With global problems varying between decrease in real incomes in advanced economies, a not very positive outlook for China, and the fears from the Russian-Ukrainian conflict, there is strong reason to worry that the post-pandemic recovery may convert to a recession. But there is still much that policymakers could do to mitigate the results.
Many investors voiced concerns about the outlook for financial markets due to the substantial uncertainties that they could pinpoint, and to other potential risks that were not yet clear. And by the beginning of March 2022, as the war between Russia and Ukraine started energy and food prices have spiked.
In parallel, central banks and specifically in western countries have reached a conclusion to drop the belief that today’s inflation is a just short-term phenomenon that would subside on its own. They are now intentionally tightening global financial conditions (by both unwinding their balance sheets and increasing interest rates), and this is adding to cyclical pressures on household incomes, and thus on the wider economy.
Adding salt to injury, China’s economy – the world’s second-largest and ten times bigger than Russia’s – has been purposely held back by the government’s “zero-COVID” strategy. And this comes on top of existing efforts to dampen excessive housing prices, reduce credit growth, and rein in business sectors.
This global economic status, is an indicator that a global recession could occur. If so, it will have been remarkably sudden, coming so soon after the lockdown-induced mini-recessions of 2020 and 2021. How bad will this downturn be, and are there policies that could avert it, or at least minimize its scale and severity?
In China, policymakers are concerned that a less tight stance on COVID-19 could increase contagions and overcome the country’s urban hospitals. Since such scenarios have already happened indeed in other countries – particularly in the United Kingdom, which was obliged to enforce sudden, strict lockdowns in 2020-21 – China can hardly be criticized for being generally cautious. But the evidence suggests that Omicron (the dominant global variant) is so transmissible that even lockdowns are unlikely to stop it completely. Moreover, it appears to be less virulent than previous variants, which makes a strict response harder to justify.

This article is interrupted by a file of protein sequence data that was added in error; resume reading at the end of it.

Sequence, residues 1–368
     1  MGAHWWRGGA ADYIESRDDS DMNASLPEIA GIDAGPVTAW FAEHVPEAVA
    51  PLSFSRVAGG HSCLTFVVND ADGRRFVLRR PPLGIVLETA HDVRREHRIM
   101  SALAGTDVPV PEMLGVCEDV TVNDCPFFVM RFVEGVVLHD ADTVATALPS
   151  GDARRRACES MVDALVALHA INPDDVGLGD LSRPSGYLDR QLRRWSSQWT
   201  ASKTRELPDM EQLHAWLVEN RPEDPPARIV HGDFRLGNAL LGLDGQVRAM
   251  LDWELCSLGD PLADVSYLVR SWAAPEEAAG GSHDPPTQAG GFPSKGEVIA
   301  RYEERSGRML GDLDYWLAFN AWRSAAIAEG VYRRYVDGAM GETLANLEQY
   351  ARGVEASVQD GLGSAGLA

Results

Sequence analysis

China’s blunt zero-COVID strategy comes on top of an already weak economy, so it has added to underlying cyclical weaknesses. The most recent trade data (for April) show that Chinese imports remain exceptionally low – just one of many signals pointing to a weak economy.
The problems facing China have implications extending beyond the economy and markets. China’s single-party leadership has long legitimized its rule by delivering ever-rising living standards for the country’s 1.4 billion people. But this implicit pact cannot easily be sustained under conditions of persistent economic weakness.
Having watched China for more than 30 years, I would say that one of its government’s biggest strengths has been its exceptionally good risk management. In the past, it has dealt with major potential problems decisively and in a timely manner. Not so today. If it doesn’t change course soon, there will be much more pain in store for its economy and for the rest of the world. On the other hand, if the government can abandon “zero-COVID” and some of its other more draconian economic crackdowns, growth could well rebound quickly.
As for the rest of the world, two major factors beyond China will determine how things play out: major central-bank policies and Vladimir Putin. The Russian president’s intentions remain as difficult to predict today as they were three months ago when he launched his invasion. Finland and Sweden’s sudden support for joining NATO shows that Putin has miscalculated abysmally. Though he might not end the war, his stupidity may well result in his removal from power (though many Kremlinologists consider this unlikely).
In any case, the blow to real incomes – and thus to consumer spending – from higher energy and food prices has been so large that central banks ought to think twice about their newfound hawkishness. After all, if the way to bring inflation under control is to weaken the economy, surging energy and food prices, together with tightening financial conditions, might have already done central banks’ job for them.
To be sure, if longer-term inflation expectations are rising and no longer anchored, that would change the calculation considerably. In the United States, where the Federal Reserve’s policy changes have far-reaching global effects, the latest Consumer Price Index shows core inflation still above 6%, with service-sector price inflation accelerating. As such, the Fed might see little reason to abandon the tightening path that it has so loudly hinted at.
But the Fed would do well to consider the reduction in real (inflation-adjusted) disposable incomes in the US. Though the decline hasn’t been as severe as in Europe, it has been significant, and the strong tightening of financial conditions may have already sown the seeds for an economic downturn soon.
So, are we heading into a global recession? Much will depend on the Fed, the Chinese leadership, and the erratic, isolated cipher in the Kremlin.